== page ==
Werner Heisenberg (December 4, 1901) was a German physicist; he proposed the theory of uncertainty for which he won the Nobel Prize in 1932. Heisenberg’s early work was in developing explanations for important concepts like the Zeeman effect where atomic spectral lines were splitted by a magnetic field. To account for this phenomena mathematically, Heisenberg introduce half-integer (1/2) quantum numbers. Continuing working in this area, he used algebra matrices to explain the spectrum intensities of the electron as an anharmonic oscillator. The publication resulting from this work, in conjunction with Born and Jordan, is considered the foundational paper in quantum mechanics. On a second important paper he proposed his principle of uncertainty, where the position and the momentum of a particle cannot be both simultaneously measured but a relationship occurs between these and that can be described. Thus he used probability to describe his atomic theory. Later Heisenberg’s work focused on the still searched today ‘quantum field theory’. This theory joins quantum mechanics and relativity seeking to explain the relationship between particles and forces. During the Second World War he worked unsuccessful in the German atomic bomb project, his continuing working in Germany as a physicist and delivering frequent lectures in other countries during the War were controversial. After the war Heisenberg continue to work on quantum field theory.
Grace Murray Hooper (December 9, 1906) was an American mathematician and Physicist involved in programing the first computers, specifically developing software concepts. She took leave from her academic position at Vassar College to join the United States Naval reserve during the Great War and was assigned to work and do research on computing. Through out her career in academia, army, and industry Hooper worked as a mathematician and in the field of engineering and applied physics. She wanted to make computers easier to program and to applied to tasks with the intent that more people can use it. Hooper and her team developed the first complier, the A-O compiler that translated symbolic mathematical code into a computer code. She believed that the way to open computer usage to the regular population was to write user-friendly programs. Her second compiler was designed for automatic payroll calculation and automatic billing, the FLOW-MATIC and later the COBOL. She had a hard time convincing people to adopt her advances; eventually she convinced the army to use her program to great success. She received many awards and was a great speaker giving many lectures and talks.
Edward Lawrie Tatum (December 14, 1909) was an American molecular geneticist who won the Nobel Prize in 1958. His training in nutrition and metabolism of bacteria during his doctoral studies, laid the foundations for his later and more influential work. After receiving his Doctoral degree, Tatum investigated gene function and regulation by finding substances that determined the eye color in the fruit fly Drosophila melanogaster, later he move on to work on the fungi Neurospora crassa. In order to study gene regulation he produce nutritional mutants, this lead him and his student Lederberg to demonstrate bacterial recombination for which they shared the Nobel Prize in 1958. Tatum’s foundational research started the important field on bacterial genetics. He showed how is the genetic material of bacteria organized and most importantly he discover how genes regulate biochemical processes. Tatum accepted a position as the head of the department of Biochemistry at Rockefeller Institute. He wrote several papers and was in the editorial board of science journals.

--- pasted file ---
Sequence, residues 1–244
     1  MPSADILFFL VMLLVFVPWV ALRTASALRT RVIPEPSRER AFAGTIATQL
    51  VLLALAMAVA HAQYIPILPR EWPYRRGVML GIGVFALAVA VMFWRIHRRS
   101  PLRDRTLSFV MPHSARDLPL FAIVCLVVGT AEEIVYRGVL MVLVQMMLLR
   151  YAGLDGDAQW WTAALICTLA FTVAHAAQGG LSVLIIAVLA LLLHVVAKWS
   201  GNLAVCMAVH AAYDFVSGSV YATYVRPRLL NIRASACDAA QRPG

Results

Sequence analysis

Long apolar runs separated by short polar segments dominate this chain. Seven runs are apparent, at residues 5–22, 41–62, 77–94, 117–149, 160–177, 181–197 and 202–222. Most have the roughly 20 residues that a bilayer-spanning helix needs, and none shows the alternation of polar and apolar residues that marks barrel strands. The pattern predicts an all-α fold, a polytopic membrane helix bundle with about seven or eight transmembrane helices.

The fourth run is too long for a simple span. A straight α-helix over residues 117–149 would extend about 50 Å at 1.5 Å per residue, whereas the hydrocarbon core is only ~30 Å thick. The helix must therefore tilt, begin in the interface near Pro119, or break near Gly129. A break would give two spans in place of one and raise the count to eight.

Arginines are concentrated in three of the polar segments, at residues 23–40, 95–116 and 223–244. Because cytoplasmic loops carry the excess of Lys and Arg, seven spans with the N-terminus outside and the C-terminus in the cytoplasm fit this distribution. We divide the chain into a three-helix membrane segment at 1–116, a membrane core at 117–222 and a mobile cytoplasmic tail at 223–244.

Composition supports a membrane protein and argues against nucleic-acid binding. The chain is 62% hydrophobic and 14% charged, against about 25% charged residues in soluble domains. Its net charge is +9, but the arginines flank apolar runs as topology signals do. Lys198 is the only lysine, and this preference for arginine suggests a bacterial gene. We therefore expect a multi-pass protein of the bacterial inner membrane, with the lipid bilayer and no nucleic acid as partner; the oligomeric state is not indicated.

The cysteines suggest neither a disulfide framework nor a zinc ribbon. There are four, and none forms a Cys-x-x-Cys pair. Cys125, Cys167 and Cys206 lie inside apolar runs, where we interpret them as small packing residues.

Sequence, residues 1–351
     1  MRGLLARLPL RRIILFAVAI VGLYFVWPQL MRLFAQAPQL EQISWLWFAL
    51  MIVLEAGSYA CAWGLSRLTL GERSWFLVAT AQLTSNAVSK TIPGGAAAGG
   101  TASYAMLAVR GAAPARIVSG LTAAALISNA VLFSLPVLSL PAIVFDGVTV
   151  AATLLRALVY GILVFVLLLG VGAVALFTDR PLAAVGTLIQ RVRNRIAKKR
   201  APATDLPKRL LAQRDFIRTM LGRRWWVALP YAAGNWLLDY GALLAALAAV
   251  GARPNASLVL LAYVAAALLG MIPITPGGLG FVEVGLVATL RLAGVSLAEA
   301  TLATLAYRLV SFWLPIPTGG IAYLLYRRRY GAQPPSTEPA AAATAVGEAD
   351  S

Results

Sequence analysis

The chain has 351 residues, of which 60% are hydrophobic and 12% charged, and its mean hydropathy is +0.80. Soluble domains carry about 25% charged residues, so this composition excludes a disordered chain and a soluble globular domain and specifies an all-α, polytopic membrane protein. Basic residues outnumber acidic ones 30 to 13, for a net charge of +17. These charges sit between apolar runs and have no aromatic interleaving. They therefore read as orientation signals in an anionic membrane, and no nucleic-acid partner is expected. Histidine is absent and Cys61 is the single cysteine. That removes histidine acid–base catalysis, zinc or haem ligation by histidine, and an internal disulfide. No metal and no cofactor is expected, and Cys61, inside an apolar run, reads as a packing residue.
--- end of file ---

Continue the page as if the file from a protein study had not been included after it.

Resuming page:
Richard Leakey (December 19, 1944) is a Kenyan paleoanthropologist and a conservationist for the Kenyan wild life and environment. Leakey is the son of the famous Louis and Mary Leakey, he did not wanted to follow the family’s career at first so he chose to become a safari guide. Eventually he went back to paleoanthropology and dig in Lake Turkana in Kenya where he found interesting stone tools and for the next ten years he and his team dug an abundance of hominid remains dated 1.6 million years ago. Leakey wrote two books about his findings and a controversial interpretation of it. He proposed that three species of hominids coexisted in East Africa and that Homo erectus was the direct ancestor of Homo sapiens. Now we know that H. erectus went extinct and H. helderbergensis is probably the common ancestor of H. sapiens and H. neanderthalensis. Later in his career Leakey become director of the Kenyan museum and Wildlife conservation and Management department of Kenya. He was very interested on the preservation of wild life, and under his watch he decreased management corruption and poaching of elephants. His drive to help his native Kenya led him on to politics but this move was not successful. He went back to conservation, wrote many books, and gave several lectures about conservation of wildlife and the environment.
Robert G. Aitken (December 31, 1864) was an American astronomer, whose main contribution was in the extensive study of binary stars. He worked in the Lick observatory and become the director for several years. Lick surveyed many binary starts, comets, and planetary satellites measuring their position and tracing their orbits. The lunar greatest impact crater in the moon is named after him, as well as the minor planet #3070. He wrote a massive book ‘New General Catalogue of Double Stars within 120 degrees of the North Pole’ that provided an incredible amount of information about stellar masses for the use of future astronomers. Aitken become editor of the Publications of the Astronomical Society of the Pacific.